Christmas at the Dish

Lots of activities at St. John’s stop over the summer, but the need for the fellowship and food provided by the Dish doesn’t take a break. Alison sent me this report on the great work done by so many members of the wider community who chose to generously give their time at such a busy time of year… For our friends at The Dish preparations for Christmas began some time ago.… Read More... Read More

Whatever is good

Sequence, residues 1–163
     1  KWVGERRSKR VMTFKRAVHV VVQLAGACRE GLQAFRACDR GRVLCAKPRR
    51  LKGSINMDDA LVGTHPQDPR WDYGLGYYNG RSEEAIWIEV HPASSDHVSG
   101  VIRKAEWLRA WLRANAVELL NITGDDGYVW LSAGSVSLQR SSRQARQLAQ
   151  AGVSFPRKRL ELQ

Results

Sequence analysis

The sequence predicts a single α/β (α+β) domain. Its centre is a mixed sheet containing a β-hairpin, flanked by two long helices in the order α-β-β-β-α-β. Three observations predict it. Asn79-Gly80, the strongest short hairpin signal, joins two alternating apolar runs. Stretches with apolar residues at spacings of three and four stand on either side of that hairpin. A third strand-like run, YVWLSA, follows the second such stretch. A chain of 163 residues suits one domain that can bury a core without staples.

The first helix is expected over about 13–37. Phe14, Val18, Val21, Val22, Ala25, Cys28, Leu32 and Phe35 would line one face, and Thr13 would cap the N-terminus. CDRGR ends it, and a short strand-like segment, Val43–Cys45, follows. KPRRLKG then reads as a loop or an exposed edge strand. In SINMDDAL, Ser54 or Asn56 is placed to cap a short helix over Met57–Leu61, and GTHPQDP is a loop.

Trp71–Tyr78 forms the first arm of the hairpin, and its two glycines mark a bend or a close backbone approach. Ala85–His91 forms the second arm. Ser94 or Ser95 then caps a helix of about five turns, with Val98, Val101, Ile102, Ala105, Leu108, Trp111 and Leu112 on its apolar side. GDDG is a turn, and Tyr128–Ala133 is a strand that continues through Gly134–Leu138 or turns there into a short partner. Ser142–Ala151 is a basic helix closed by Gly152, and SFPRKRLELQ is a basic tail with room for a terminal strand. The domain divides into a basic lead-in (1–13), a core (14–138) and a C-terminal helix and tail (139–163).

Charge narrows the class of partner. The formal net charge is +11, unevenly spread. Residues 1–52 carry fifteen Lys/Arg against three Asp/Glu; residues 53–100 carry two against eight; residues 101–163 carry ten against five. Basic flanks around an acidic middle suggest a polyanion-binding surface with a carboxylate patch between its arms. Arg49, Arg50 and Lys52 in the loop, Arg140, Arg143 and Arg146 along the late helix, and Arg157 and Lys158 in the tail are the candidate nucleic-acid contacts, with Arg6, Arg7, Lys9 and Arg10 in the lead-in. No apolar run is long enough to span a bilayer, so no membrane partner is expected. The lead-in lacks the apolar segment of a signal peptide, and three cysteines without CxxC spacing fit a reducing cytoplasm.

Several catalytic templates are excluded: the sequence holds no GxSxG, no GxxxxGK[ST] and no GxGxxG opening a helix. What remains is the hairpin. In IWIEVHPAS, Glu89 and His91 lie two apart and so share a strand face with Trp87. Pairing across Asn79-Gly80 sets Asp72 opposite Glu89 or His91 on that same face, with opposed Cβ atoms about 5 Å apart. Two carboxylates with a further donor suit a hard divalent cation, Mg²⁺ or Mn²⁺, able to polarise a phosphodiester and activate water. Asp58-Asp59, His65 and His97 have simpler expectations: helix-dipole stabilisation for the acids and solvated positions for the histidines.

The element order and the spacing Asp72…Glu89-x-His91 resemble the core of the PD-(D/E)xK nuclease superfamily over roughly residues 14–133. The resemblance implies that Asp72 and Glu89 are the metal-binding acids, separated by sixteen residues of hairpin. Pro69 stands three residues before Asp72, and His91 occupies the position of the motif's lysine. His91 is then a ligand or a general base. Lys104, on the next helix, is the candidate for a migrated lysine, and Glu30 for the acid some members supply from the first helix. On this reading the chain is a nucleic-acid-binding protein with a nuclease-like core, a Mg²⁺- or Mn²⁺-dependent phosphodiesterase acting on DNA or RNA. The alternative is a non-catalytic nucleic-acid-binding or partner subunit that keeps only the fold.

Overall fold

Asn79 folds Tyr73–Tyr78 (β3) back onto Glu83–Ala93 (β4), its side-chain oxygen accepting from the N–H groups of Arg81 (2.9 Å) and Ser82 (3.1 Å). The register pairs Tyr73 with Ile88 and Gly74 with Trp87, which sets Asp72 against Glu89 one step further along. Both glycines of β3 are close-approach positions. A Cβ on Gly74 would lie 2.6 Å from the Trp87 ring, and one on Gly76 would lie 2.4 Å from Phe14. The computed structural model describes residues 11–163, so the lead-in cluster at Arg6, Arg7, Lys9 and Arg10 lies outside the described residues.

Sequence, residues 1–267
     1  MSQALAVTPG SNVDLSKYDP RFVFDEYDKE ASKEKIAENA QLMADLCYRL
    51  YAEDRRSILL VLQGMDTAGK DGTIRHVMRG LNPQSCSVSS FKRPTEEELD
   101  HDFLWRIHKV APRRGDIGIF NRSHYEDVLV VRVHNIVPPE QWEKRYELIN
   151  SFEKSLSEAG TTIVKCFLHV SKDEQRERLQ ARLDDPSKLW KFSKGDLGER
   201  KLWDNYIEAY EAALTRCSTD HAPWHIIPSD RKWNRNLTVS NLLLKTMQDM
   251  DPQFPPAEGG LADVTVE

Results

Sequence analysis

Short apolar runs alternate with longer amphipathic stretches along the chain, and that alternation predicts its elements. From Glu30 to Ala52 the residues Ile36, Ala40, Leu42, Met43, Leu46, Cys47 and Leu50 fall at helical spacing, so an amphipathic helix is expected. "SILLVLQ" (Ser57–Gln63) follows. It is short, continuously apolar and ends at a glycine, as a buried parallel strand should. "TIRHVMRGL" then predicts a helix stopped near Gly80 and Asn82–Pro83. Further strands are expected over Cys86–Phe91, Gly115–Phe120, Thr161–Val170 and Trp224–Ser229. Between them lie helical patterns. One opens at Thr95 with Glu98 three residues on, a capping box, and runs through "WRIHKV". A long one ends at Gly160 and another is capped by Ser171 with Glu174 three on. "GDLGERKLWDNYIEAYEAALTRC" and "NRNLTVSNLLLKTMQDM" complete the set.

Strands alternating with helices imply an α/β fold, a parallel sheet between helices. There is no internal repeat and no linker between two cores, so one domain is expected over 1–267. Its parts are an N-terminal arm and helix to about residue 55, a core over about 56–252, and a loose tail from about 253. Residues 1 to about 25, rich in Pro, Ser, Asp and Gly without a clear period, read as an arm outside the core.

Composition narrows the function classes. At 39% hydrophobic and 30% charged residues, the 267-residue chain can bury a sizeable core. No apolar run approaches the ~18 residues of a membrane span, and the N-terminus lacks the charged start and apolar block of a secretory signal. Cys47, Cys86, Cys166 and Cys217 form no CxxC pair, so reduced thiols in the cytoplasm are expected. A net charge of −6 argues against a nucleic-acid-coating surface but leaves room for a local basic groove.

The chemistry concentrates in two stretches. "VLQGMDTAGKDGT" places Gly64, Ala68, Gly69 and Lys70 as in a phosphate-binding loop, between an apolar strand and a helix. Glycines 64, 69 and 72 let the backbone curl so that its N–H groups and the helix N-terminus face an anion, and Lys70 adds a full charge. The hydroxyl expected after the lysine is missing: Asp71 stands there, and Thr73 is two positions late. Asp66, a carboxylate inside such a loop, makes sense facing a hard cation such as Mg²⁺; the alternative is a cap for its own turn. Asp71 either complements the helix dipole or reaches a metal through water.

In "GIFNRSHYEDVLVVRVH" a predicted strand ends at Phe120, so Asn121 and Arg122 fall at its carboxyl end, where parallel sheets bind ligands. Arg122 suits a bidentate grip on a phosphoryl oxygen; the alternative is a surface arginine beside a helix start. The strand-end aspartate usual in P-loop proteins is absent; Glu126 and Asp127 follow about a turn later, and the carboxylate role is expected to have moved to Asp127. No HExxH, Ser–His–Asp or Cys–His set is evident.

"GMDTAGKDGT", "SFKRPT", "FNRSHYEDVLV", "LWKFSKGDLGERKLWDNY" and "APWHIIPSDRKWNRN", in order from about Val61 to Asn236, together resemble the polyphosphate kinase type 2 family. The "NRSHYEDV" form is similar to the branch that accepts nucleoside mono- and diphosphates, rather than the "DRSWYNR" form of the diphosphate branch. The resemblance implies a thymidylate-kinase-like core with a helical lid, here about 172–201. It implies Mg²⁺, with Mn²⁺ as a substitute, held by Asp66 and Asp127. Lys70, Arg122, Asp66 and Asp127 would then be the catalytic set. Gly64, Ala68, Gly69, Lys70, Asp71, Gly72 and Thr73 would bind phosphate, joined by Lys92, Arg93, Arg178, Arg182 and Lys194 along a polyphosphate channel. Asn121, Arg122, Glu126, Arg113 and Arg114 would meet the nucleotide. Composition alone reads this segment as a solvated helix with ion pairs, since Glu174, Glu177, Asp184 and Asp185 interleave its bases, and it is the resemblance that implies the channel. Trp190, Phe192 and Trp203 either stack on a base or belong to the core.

gearbrain-resizedListen! Isaiah 62:1-5 | Philippians 4:1-9 Someone – and sadly I haven’t been able to trace down the quote – wrote about the Apostle Paul: “I cannot be the only one to think that, with all the great gifts God showered upon Paul, it is a shame he did not choose to give the gift of clear writing”. Indeed, when a youth group that Sureka and I used to lead studied some of the book of Romans, one of the kids commented “Paul may have been very educated, but he wasn’t educated in the use of the full stop”. Even Peter wrote of Paul: our beloved brother Paul wrote to you according to the wisdom given to him, speaking of this as he does in all his letters. There are some things in them hard to understand… But I can forgive Paul a lot of hard to understand writing; because he also captured some of the most glorious truths of the gospel; and perhaps nowhere is this more true than in the letter to the Philippians. In this letter we have the humanity, divinity and humility of Jesus: “who, though he was of very nature God, he did not consider equality with God as something to be grasped, but emptied himself, taking the form of a servant, being born in human form”. Here also we have the holding together of God’s grace and our response: “work out your own salvation with fear and trembling, for it is God who is at work in you”. Here, again, we have Paul’s heartfelt cry “whatever gains I had, I count them as loss… I want to know Christ and the power of his resurrection and the sharing of his sufferings by becoming like him in his death, if somehow I may attain the resurrection from the dead. Not that I have already obtained this or have already reached the goal; but I press on to make it my own, because Christ Jesus has made me his own.” It’s not a long letter. I’d encourage you to take half an hour, and read it end to end. I’m certain you will find something – many things – in it that will stay with you. Read More